Rated of 5
by Davina - BookBrowse.com
Edward Teller was one of the leading scientists of the 20th century and has been described as 'the father of the hydrogen bomb'. His memoirs run to 600 pages of small type (in paperback), covering most of the 20th century - from his birth in 1908 to the year 2000 which, although a mere 60 pages a decade, makes the book a fairly formidable tome. Most of his memoirs are very readable (from a layman's point of view) but I found myself getting a little bogged down towards the end, from about 1970 - which in fairness is only the last 100 pages or so. The first half of the book was the strongest for me - describing his childhood in Hungary and education in Germany during the rise of anti-Semitism, and the period leading up to the end of WWII, and the dropping of the hydrogen bombs on Japan - about which he expresses very frank, and perhaps surprising, opinions.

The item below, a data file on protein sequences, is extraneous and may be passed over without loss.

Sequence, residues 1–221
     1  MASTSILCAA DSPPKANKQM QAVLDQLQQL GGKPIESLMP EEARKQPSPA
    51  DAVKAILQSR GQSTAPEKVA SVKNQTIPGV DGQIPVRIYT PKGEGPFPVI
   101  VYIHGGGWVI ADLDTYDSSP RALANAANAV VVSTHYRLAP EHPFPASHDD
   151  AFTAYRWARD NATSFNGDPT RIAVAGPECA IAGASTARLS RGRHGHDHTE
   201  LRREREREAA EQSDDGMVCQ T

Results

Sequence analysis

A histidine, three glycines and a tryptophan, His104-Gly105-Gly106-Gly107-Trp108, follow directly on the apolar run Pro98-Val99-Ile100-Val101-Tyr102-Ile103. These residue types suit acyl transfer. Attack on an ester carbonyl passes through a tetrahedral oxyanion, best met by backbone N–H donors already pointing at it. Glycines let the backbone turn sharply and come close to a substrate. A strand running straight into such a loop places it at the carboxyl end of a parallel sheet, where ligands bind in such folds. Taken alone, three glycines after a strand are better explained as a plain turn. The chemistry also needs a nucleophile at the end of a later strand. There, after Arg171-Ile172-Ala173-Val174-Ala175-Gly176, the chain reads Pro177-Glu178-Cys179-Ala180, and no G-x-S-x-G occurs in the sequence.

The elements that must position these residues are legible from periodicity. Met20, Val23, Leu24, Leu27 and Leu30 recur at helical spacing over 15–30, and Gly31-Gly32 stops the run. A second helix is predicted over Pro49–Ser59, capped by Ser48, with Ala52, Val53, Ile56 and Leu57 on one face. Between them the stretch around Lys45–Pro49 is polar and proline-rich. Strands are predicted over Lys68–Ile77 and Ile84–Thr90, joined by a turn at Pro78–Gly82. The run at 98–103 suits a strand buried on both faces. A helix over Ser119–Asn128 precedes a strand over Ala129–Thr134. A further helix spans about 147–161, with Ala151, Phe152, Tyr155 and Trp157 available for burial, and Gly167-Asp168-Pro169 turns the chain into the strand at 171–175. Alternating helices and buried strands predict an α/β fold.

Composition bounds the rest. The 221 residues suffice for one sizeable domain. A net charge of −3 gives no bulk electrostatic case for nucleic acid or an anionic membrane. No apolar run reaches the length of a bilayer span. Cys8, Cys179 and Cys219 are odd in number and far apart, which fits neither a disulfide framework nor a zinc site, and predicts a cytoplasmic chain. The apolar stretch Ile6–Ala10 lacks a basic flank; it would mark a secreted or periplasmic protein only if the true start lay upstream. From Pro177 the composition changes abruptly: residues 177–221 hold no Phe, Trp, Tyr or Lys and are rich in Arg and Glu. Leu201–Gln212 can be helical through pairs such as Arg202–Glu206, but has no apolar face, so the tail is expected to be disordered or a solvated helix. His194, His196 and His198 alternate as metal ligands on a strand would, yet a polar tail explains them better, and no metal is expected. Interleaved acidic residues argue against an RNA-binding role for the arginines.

Overall, an interesting memoir from an interesting and controversial man. As always, you don't have to take my opinion for it - you can browse the foreword and a substantial excerpt from the 2nd chapter by clicking on the 'excerpt' link above.